The greatest possible division: 1/e — Işık Barış Fidaner

When I explained the meaning of Lacan’s torus [1] I made a mathematical claim: The fraction 1/e ≈ 37% achieves the greatest possible division of a combination. Now let’s ask two questions: what does this mean, and why is this the case?

What does this mean?

A practical example: Say you are a political party who aims to break the present political consensus and lead the people to a new consensus. Until you gain 37% support you remain to be a divisive force, an opposition party. But when you surpass 37% your party becomes a force that actively unites the people. According to common sense this limit should be 50% but mathematically this is not the case.

A smaller scale example: Say there is a political cell of three comrades and the secret police aims to break this cell. If the police manages to turn just one of the three partisans against the other two, the police have almost reached 37% infiltration and they have already succeeded in breaking the cell. When one out of three is lost, the link of the remaining two gets broken too. This is also the principle of Lacan’s Borromean knot where any two of the three rings hold together only thanks to the third ring.

This also works the other way around: Say there is a team of three co-workers and you are a political organizer. If you manage to convince just one of the workers, this act already divides the remaining two. If you manage to convince a second worker, you have successfully established a new unity because the third person is practically isolated. It’s like Hegel’s idea of repetition: While the first occurrence serves as contrarian evidence that is still contingent and accidental, the second occurrence serves as the proof that retroactively confirms and validates the necessity of the first occurrence.

Why is this the case?

Why is 1/e the greatest possible division? This claim is not based upon any external tests or statistics, it is just a direct mathematical consequence of Shannon’s entropy equation. Let me explain.

According to information theory and probability theory, a coin toss contains exactly 1 bit of information. This sounds like an innocent neutral statement that is objective and scientific, but it carries an implicit ideological model of the symbolic universe.

Formally, the geometric shape of the coin and the physical act of tossing ensures that Heads and Tails naturally exclude each other as two possible events, staging a competition between two Master-Signifiers. As to their content, the coin’s two-faced shape resembles an imaginary identification in the mirror stage as if Heads and Tails were meant to render each other meaningful in a dual relation.

In practice, this means that the gain of one implies the loss of the other: Formally, when the coin yields Heads, it didn’t yield Tails. As to their content, the probabilities of Heads and Tails must sum up to the “full probability = 1” which represents an inevitability. In both levels, Heads and Tails are supposed to balance each other out and achieve an innocent neutrality. This model serves as the scientific basis for the design of computers, where a bit yields either 1 or 0, traditionally illustrated by a light bulb that’s either on or off.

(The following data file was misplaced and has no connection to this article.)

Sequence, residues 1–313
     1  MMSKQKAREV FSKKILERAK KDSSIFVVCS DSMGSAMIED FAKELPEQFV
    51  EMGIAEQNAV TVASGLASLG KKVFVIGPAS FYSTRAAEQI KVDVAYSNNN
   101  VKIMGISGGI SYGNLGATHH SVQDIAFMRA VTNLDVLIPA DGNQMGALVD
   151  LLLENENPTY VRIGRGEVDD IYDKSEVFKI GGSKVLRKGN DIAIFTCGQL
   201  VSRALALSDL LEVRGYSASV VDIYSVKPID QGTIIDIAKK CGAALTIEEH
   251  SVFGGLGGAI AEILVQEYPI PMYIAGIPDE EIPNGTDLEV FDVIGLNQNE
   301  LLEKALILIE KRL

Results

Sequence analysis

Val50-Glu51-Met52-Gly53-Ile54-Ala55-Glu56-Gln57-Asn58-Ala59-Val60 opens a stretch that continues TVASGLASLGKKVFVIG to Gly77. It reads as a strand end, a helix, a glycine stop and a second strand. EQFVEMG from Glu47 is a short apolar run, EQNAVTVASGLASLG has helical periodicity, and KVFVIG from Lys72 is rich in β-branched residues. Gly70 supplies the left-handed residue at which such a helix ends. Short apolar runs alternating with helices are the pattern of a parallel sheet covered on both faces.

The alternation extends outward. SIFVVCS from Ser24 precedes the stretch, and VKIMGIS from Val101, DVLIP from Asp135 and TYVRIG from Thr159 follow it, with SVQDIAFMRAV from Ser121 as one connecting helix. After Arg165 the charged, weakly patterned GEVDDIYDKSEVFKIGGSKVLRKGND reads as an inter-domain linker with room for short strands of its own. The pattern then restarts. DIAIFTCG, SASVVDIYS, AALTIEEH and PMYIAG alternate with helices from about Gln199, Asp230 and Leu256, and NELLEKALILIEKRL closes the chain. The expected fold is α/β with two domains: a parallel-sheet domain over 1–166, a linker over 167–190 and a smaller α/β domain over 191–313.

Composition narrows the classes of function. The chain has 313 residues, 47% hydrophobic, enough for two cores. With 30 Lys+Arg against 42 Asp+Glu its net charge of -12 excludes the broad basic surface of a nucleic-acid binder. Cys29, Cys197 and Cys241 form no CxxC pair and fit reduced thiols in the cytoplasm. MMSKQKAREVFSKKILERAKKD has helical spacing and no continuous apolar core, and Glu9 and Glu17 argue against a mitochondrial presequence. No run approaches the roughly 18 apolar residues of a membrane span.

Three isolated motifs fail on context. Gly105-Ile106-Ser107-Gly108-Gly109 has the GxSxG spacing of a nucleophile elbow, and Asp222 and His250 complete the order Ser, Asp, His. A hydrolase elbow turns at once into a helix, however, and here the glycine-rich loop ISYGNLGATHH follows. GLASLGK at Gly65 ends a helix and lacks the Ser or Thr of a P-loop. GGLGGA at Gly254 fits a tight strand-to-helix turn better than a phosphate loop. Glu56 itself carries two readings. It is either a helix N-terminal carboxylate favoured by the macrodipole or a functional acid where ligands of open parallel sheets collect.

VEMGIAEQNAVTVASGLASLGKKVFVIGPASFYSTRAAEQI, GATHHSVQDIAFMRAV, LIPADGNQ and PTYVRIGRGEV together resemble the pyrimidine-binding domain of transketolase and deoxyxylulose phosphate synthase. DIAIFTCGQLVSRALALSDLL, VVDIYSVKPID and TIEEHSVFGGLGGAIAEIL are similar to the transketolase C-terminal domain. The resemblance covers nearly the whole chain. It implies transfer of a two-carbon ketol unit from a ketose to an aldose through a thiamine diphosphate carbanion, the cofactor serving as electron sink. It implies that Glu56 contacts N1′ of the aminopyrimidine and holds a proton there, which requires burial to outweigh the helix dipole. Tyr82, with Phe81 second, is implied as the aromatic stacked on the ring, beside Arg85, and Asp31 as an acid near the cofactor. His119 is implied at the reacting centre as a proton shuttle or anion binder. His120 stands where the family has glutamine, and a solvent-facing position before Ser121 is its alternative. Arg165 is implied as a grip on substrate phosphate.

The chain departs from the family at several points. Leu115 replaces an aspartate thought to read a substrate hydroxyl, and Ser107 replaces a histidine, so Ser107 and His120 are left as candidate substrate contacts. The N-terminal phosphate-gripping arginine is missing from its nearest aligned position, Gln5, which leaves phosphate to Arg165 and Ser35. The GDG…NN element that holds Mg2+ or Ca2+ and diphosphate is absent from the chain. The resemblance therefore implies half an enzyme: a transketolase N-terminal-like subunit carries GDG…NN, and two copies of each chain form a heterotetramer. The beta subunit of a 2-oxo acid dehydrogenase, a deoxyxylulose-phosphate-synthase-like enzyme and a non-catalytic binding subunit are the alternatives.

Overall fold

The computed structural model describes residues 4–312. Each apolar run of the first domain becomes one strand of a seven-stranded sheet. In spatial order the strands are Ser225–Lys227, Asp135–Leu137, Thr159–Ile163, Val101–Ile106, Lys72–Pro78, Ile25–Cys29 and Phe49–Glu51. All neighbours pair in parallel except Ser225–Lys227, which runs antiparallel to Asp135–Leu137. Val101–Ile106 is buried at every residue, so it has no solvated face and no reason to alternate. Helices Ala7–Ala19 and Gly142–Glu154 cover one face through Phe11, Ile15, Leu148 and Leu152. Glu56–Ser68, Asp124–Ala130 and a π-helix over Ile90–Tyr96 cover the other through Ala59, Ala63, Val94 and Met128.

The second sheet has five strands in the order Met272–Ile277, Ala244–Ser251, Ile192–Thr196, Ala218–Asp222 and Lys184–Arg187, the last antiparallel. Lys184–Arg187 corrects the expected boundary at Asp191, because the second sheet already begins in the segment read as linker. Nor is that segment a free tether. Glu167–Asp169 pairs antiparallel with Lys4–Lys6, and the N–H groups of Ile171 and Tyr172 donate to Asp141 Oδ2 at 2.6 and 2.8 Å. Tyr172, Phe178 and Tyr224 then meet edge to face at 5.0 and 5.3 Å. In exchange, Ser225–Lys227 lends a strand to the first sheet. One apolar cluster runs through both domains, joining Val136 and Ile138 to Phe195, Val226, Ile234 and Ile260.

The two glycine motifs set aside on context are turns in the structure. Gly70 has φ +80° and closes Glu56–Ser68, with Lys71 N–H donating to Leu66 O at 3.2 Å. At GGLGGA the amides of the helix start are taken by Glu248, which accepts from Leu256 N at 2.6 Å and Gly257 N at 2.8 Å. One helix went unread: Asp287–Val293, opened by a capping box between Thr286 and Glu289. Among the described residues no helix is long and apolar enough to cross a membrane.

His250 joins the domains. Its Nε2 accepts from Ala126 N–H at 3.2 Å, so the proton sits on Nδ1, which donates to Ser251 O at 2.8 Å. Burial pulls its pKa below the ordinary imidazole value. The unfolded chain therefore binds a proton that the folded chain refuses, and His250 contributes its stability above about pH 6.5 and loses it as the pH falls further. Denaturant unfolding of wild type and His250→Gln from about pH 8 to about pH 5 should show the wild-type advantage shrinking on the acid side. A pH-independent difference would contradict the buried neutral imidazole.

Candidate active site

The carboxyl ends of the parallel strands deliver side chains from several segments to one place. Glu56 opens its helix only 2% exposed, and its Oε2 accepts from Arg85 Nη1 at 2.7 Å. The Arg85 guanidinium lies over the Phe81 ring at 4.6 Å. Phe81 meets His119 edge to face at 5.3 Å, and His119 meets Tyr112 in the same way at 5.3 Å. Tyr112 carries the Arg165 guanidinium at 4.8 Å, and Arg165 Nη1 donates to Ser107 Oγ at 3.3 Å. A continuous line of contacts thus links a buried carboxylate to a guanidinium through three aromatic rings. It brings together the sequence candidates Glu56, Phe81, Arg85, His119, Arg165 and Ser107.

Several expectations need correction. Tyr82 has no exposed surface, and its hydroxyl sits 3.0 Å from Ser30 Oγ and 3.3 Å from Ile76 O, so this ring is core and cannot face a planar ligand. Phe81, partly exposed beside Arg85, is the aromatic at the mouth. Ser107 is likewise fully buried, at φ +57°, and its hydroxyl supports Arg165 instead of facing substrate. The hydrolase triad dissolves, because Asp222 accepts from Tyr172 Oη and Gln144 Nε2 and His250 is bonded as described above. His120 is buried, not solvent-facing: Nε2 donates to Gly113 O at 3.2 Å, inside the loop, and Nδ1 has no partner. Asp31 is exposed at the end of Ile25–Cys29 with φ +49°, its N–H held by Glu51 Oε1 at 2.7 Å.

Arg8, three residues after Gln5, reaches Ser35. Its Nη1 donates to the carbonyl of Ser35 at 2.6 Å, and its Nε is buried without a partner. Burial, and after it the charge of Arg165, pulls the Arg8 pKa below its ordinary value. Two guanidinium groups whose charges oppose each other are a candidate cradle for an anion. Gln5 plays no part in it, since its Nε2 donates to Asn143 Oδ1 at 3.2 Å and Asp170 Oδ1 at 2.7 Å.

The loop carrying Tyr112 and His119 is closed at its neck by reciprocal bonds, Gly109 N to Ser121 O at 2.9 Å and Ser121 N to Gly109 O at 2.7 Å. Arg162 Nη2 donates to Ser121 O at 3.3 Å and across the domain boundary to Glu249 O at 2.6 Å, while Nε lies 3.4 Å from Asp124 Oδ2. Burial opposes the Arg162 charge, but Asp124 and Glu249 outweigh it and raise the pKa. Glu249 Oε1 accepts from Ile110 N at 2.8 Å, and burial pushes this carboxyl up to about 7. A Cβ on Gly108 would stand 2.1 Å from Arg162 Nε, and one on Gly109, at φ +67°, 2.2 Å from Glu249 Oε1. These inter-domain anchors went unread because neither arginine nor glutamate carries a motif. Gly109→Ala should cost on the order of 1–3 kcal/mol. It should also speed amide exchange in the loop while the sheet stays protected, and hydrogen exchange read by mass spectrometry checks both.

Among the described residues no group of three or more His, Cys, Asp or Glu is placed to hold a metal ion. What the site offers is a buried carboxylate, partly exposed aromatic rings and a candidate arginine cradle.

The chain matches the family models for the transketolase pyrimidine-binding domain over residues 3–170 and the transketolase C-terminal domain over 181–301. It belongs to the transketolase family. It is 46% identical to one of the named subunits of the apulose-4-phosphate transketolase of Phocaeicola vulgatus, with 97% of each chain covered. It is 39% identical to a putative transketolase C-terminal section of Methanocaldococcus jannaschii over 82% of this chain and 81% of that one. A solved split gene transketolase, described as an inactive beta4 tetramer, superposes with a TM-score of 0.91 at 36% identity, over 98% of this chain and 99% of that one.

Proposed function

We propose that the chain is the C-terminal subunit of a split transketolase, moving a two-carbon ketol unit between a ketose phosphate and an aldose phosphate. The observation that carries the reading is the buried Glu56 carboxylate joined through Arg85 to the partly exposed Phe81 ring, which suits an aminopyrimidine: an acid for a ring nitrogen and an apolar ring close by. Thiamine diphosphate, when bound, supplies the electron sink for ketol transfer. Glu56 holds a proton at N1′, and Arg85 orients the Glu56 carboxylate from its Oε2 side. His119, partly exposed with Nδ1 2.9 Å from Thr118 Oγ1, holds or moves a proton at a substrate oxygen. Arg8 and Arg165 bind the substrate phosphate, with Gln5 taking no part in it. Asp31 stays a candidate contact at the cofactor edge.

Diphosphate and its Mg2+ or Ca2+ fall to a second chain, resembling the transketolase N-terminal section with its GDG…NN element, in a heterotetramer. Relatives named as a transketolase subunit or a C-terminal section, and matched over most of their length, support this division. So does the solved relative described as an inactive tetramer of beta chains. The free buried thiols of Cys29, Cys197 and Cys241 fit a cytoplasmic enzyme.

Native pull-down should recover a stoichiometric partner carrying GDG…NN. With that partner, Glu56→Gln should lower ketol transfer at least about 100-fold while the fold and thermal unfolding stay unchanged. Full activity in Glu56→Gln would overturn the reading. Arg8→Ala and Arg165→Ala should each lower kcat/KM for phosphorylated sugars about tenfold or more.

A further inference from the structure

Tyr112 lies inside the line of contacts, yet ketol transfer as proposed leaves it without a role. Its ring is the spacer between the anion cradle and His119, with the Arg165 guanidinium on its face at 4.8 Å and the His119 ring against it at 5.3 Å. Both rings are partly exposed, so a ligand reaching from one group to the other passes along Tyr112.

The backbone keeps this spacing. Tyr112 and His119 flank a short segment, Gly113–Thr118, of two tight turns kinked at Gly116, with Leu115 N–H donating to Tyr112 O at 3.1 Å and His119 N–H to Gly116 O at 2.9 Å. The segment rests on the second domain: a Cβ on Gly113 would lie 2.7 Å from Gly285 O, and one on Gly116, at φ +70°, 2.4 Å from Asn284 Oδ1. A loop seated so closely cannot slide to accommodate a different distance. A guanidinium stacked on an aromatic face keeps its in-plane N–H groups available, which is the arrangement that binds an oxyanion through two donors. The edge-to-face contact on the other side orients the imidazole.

The seemingly innocent image of the coin toss that decides between Heads and Tails is in fact ideologically loaded because it embodies the disavowal of another choice between the useful and the useless. The real 1 bit of information resides in the decision to keep or dismiss an entity based on its usefulness. Such information gets processed both in consciousness and in the unconscious, and it marks their boundary. Thus the two-sided coin model secretly presupposes a clear-cut distinction between the useful and the useless. This leads to a mode of thinking that always tries to grab key elements and extract resources, which I call “decryption” [2].

But as the idiom goes, Heads and Tails, useful and useless “are two sides of the same coin”. Here one can evoke Lacan’s Möbius strip [3] and say that what appears like two separate sides are in fact parts of one and the same surface. To transform the active mode of thinking into a “decipherment” of truth, one needs the model of a one-sided coin [4]. We get the one-sided coin when we say “Tails does not exist.” In contrast to the two-sided coin whose faces stage the competition between exclusive signifiers, the one-sided coin stages the enactment of a unary trait [5]. The two-sided regular coin enacts two signifiers that divide a subject between themselves. The one-sided coin instead enacts the bar of the subject’s division as such.

Finally let’s cover the maths. Here is Shannon’s entropy equation that computes the information or entropy that is contained in a two-sided coin:

H(p) = -(p)log(p)-(1-p)log(1-p)

The first term is for Heads and the second term is for Tails. When p = 1/2 this entropy takes its maximum value, which is 1 bit.

To obtain the equation for the one-sided coin, we simply remove the second term that was intended for Tails:

H(p) = -(p)log(p)

When p = 1/e this entropy takes its maximum value, which is also 1/e.

Işık Barış Fidaner is a computer scientist with a PhD from Boğaziçi University, İstanbul. Admin of Yersiz Şeyler, Editor of Žižekian Analysis, Curator of Görce Writings. Twitter: @BarisFidaner


[1] See “Lacan’s Torus is the 3D Spatial Approximation of the Combinatorial Unworld”

[2] See “Decryption and Decipherment”

[3] See “The Möbius Strip is an Island”

[4] See “One-sided coin”

[5] See “One-sided Coin is the Unary Trait”


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